This positive outlook scenario is made based on the assumption that current low market prices for both domestic and imported chicken meat will be sustained through to the next year. Chinese prepared/processed products, which are competitive with Thai products, are expected to continue to recover in 2011.

2010 Broiler Market Outlook (Revised)

2009 PS&D Adjusted due to Recent Revisions to Domestic Production

In this report, post made a couple of revisions to the 2009 PS&D numbers based on the latest MAFF revisions to 2009 domestic poultry production data, which turned out to be significantly different from the previous numbers used in the last voluntary report (JA 0011).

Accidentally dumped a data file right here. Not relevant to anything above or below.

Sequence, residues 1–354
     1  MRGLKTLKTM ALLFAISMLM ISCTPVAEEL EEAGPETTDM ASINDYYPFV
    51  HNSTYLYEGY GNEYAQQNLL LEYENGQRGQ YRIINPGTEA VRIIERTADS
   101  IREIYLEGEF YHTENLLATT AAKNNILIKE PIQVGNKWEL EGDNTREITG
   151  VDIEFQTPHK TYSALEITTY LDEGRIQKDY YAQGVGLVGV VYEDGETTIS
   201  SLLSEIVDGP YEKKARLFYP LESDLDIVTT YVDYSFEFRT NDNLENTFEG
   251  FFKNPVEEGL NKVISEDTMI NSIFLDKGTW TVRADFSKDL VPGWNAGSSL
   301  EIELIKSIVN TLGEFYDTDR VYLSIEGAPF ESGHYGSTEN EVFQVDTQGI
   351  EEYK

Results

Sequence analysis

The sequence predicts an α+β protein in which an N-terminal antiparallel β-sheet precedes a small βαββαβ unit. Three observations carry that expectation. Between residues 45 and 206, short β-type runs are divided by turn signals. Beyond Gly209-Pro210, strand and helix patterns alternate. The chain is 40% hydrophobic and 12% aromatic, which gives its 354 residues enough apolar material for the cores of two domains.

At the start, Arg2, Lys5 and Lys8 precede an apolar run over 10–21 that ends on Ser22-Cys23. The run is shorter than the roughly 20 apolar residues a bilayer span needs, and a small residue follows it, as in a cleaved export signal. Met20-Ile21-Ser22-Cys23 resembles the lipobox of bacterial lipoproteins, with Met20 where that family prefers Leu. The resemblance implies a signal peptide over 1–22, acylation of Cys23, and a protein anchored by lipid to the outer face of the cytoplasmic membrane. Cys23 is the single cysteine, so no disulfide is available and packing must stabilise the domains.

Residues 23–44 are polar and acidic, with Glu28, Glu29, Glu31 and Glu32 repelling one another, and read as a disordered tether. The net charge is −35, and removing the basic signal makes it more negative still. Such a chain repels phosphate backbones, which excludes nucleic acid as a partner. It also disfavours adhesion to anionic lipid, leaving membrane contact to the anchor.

The 2009 national broiler projection is 1.282 million MT differing from the previously announced preliminary number (1.255 million MT), which was a 2% increase from the previous 2008 total. Increased average weight gain of the birds (a couple of percentage points) is mainly attributable to the growth. Likewise, total consumption for 2009 was revised up by 3% to 1.978 million MT. There were no other revisions to 2009 PS&D numbers since the last reporting.

The new 2009 numbers partially explain the fairly low price situation for domestic cuts. Of course, as noted in the previous report (JA0011), importers and domestic meat distributors utilized more frozen poultry stocks while cutting second half imports almost by half; low priced frozen chicken stocks were sold in the retail, food service, and processing sectors as discount sales.